A few months ago, I joined the church choir. This was very proactive of me. We meet to practice on Sunday afternoons and sing during two services Sunday mornings. It is what you might call a commitment.
The choir director is an enthusiastic professional musician who attended the church I grew up in, so I’ve known him quite a while. He has great dreams for us; I think he wants us to be the next Brooklyn Tabernacle Choir. He challenges us to sing complicated four to five-part harmony pieces. He recently procured a set of tympanis off of Ebay. He’s really gung-ho about the whole thing.
When I joined the choir, I was sent off to the alto section, which isn’t necessarily the section with women who have lower voices, but rather the section with women who can read music. Being named an alto was quite a shock to me. I’ve always been a soprano. Though my voice has gotten lower since the birth of my children, I can still hit a high A on a good day. Good days happen once every six months or so, but still.
Sopranos get the best parts. This is simply a fact. They almost always sing the melody and they get more solos. Being forced to sing as an alto has been quite a blow to my inner-diva.
However, if sopranos are prima donnas, then altos are snobs. As an alto, I’ve found myself sighing impatiently during the occasions when the sopranos sing harmony. So used to singing the melody, they need their part played over and over again. Altos think sopranos are helpless and needy and sopranos don’t think about the altos at all. Music is all very politically complicated.
I began to embrace my new alto status. I made notes in my music and learned how to find my pitch based on what the basses and tenors had been singing. I enjoyed alto camaraderie as we all rolled our eyes together after the sopranos screeched out a high-pitched, very flat b flat. We met beforehand in the practice room to go over the music, and divvied up the high and low alto parts.
Yes, life as an alto was satisfying. And less taxing on the old vocal chords, too. That is, until we started practicing the Hallelujah Chorus for Easter Sunday. My inner-diva came out in full throttle.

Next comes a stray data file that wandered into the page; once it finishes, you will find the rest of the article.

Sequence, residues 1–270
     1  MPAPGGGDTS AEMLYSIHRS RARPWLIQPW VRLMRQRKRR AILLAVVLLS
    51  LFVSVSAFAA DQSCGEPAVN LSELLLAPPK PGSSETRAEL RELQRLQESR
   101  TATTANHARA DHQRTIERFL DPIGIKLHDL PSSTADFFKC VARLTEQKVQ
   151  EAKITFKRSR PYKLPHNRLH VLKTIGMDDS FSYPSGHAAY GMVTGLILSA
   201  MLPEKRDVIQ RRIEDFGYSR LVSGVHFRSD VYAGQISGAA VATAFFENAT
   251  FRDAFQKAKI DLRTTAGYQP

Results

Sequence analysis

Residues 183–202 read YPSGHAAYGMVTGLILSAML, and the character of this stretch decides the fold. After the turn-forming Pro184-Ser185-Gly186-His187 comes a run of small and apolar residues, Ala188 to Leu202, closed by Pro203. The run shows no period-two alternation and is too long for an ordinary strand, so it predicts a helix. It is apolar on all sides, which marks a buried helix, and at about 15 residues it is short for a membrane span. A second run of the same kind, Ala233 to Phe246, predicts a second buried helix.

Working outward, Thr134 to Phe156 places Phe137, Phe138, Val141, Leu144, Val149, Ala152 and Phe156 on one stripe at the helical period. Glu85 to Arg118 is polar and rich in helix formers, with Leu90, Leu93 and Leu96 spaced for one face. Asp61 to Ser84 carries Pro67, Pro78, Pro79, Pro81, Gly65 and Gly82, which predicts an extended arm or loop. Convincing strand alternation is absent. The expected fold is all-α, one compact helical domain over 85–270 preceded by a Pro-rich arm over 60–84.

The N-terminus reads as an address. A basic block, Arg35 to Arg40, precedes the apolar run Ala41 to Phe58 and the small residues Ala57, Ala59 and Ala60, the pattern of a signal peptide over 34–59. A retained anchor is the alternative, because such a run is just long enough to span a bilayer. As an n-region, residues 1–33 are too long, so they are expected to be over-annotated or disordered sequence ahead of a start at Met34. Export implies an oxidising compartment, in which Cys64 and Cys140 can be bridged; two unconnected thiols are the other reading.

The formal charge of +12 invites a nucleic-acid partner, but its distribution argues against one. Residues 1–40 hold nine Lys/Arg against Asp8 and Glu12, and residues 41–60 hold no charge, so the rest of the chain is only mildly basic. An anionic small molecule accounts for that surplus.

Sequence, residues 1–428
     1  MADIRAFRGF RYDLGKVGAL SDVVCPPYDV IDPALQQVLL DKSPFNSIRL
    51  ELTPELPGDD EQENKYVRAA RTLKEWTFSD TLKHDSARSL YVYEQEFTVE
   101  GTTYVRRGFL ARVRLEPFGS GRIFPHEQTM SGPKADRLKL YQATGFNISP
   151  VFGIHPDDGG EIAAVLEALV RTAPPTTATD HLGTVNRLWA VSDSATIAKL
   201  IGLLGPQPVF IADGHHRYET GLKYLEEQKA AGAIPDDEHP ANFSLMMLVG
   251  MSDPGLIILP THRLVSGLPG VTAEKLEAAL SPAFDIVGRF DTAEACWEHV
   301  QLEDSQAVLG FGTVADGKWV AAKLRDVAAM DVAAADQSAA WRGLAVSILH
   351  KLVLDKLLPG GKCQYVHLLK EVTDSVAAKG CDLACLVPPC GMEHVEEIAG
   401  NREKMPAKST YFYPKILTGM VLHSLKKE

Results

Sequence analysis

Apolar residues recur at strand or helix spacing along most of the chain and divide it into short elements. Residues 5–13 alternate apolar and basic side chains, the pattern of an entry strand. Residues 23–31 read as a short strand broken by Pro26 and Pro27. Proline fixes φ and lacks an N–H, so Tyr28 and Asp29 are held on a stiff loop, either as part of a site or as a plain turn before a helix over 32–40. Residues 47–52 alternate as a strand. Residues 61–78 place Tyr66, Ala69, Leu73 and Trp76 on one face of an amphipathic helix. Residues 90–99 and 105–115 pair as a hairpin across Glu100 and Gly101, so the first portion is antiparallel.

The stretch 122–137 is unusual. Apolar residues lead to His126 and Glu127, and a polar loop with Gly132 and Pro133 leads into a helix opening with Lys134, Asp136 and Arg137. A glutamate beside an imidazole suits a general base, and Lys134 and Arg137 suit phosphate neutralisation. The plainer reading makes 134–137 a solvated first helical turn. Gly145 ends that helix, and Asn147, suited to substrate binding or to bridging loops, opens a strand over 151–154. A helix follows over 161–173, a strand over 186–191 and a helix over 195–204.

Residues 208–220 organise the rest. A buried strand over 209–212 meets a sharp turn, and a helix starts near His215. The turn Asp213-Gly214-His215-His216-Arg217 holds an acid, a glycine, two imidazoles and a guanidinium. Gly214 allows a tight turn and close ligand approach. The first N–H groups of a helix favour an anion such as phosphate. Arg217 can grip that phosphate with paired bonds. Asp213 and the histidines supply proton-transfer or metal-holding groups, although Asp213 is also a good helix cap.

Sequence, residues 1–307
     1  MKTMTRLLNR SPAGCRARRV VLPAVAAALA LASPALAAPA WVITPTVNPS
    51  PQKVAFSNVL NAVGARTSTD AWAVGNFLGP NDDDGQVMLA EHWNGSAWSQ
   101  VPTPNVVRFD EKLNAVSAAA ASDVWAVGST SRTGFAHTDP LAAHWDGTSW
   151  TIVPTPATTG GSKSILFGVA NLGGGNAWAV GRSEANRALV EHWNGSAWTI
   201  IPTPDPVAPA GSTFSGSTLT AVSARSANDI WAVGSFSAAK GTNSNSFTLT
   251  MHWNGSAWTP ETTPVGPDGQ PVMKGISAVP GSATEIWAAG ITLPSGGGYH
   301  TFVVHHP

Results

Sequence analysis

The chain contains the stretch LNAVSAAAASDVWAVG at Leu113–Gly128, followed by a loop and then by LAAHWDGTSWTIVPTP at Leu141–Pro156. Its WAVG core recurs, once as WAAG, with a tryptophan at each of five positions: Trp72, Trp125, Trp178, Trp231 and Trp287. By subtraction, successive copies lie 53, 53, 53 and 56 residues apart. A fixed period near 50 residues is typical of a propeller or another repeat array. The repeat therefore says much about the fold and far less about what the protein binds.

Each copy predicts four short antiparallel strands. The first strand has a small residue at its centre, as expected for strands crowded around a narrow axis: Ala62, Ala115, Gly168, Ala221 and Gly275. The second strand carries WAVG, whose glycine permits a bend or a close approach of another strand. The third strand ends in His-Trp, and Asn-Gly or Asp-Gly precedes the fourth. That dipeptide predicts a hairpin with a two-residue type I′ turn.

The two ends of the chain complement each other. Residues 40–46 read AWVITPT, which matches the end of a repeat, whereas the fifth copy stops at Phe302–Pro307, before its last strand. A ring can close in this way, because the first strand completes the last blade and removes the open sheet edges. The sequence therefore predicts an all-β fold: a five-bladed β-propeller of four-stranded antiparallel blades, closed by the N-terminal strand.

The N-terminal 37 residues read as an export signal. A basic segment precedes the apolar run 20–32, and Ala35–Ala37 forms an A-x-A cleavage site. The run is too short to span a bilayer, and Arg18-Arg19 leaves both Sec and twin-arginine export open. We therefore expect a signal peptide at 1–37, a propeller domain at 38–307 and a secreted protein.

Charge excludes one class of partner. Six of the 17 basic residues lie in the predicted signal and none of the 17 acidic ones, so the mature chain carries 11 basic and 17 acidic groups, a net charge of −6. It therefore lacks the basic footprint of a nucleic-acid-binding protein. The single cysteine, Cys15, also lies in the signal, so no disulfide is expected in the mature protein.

The Hallelujah Chorus is awesome. It might be my favorite composition in the history of compositions. Whenever someone tells me they don’t believe in God, I look at them, astonished, and say, “Have you never listened to the Hallelujah Chorus???” The Hallelujah Chorus makes me want to jump up and down and run around the room like a Pentecostal. And the sopranos, as usual, have the best part in the piece. They, alone, sing King of Kings (while everyone else sings forever and ever, hallelujah, hallelujah) and Lord of Lords! The tension slowly rises, and the focus is all on the sopranos.
Let’s not forget the final hallelujah at the tail-end of the song. Again, it’s all about the sopranos. One analysis of the piece states that “it ends triumphantly with trilling tympani and a huge plagal cadence on the word ‘Hallelujah.’” I don’t know about that (true sopranos care little about technicalities and music jargon- it is of diminished importance when compared to our soaring vibrato voices), all I know is that singing the alto part seemed… lame (in comparison to the soprano part.) I submit than when anyone thinks of angels singing in the sky, they think of the soprano part and not the alto part, or even the tenor or bass parts.
Like a true quasi-professional, i.e. a person singing in the local church choir who happens to read music, I sucked up my enormous soprano pride and learned the alto arrangement. And it was maybe a little bit fun. However, on Easter morning, I knew (with true soprano egotism)that the plagal chord at the end would have been all that more triumphant if I had been singing as a soprano.
Here are some pics of the kids on Easter: